From RIT to life as a poet
Before his death last year, Marlon Evans ’74 was on a new path
Jan. 8, 2010
by Kathy Lindsley
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At age 17, Marlon B. Evans left his home near Tucson, Ariz., and drove to RIT. It was a very long journey for this member of the Gila River Community of the Tohono O’odham Nation.
“Marlon showed a good deal of bravado at RIT,” recalls Eric Mache ’74 (art and design). “He had a deep pride for his Native American roots and was always ready to fight anyone who said anything negative about them.”
In recent years, Mr. Evans ’74 (graphic arts) followed another path, earning a second bachelor’s degree, in creative writing, poetry and media arts from the University of Arizona. He was working on a master’s degree in American Indian Studies when he died July 28, 2009, in Mesa, Ariz.
“Marlon, Kim Jenkins, and I were inseparable friends at RIT,” recalls Mache, who lives in New York City. “We were an odd looking trio – Marlon being the only Native American at the school, me being skinny with long hair, and Kim, towering over both of us, lanky with a blond Afro. What brought us all together was a mutual love for rock music and we spent a lot of time going off in Marlon’s VW to various venues to see groups play. Marlon was an excellent drummer in his own right,” Mache continues.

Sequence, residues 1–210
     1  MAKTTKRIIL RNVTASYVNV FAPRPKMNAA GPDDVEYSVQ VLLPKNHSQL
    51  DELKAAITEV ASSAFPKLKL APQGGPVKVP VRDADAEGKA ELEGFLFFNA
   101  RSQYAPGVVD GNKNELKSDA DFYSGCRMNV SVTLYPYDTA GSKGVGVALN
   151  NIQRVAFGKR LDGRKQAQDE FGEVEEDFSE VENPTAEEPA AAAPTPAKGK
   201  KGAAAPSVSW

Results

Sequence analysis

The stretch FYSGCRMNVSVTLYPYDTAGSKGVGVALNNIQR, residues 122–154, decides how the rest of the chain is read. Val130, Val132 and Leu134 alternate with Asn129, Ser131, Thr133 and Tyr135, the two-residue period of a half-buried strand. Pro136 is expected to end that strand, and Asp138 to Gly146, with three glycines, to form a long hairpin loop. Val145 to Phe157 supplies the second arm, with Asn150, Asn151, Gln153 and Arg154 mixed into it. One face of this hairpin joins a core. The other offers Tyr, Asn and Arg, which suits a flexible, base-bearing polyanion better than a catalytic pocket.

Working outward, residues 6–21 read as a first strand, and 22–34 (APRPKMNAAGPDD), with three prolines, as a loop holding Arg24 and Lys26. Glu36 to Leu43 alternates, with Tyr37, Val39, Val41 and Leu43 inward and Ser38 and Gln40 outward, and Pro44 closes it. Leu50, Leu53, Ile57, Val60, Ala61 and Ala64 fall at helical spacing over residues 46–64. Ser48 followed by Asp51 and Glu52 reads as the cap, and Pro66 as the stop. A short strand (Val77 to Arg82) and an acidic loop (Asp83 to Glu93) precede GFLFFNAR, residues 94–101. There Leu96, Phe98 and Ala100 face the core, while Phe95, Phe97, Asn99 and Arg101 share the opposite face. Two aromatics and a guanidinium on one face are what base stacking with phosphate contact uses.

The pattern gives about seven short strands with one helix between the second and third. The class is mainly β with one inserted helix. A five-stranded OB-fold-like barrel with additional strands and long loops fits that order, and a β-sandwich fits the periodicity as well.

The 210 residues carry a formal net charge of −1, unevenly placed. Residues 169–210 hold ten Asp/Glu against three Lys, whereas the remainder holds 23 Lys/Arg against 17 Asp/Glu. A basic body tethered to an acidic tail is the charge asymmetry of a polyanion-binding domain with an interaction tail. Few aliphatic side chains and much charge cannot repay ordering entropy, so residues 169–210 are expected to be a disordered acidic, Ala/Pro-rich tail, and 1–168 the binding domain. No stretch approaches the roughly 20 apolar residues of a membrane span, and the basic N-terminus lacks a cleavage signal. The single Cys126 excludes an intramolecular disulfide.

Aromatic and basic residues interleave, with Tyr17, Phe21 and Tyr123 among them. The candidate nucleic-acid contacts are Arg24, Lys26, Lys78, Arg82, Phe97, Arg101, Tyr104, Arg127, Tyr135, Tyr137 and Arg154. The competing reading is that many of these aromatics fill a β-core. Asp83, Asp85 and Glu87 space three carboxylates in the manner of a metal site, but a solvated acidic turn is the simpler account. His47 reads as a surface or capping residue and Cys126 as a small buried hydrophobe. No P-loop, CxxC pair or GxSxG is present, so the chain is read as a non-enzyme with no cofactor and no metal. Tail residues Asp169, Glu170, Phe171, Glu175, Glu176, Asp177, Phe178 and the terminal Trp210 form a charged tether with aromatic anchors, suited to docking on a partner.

“It wasn’t until I met up with Marlon again in Arizona, over 40 years later, that I realized that he had developed such a sensitive, artistic side. He was more self-assured than I had remembered, and was now an accomplished poet, highly regarded in his community. He had also been working with filmmakers and was planning to film a short that he had written. He wanted me to be the cameraman.”
In a recorded interview with Mache, Mr. Evans described himself as a shy, quiet youngster who worked hard to perfect his English skills.
“I was always in love with language because language is communication,” he said. “Language is the key to any culture.”
That interest led him to an advanced poetry workshop at Pima Community College in Tucson. His work has been published in Red Ink Magazine, a student-run publication at the University of Arizona under the auspices of the American Indian Studies Program. He also participated in numerous workshops, poetry festivals and readings in the region.
Mr. Evans aimed to tell stories using simple, direct language, he said in the interview with Mache. “I write about the grit, the realities of life.”
Mache says Mr. Evans’ passing leaves a great void. “We all have good friends in our lives, but Marlon was special, and I will always remember him as my brother and a great artist.”
A video of Mr. Evans reading his poem, “A Eurocentric Memoir,” can be viewed on YouTube.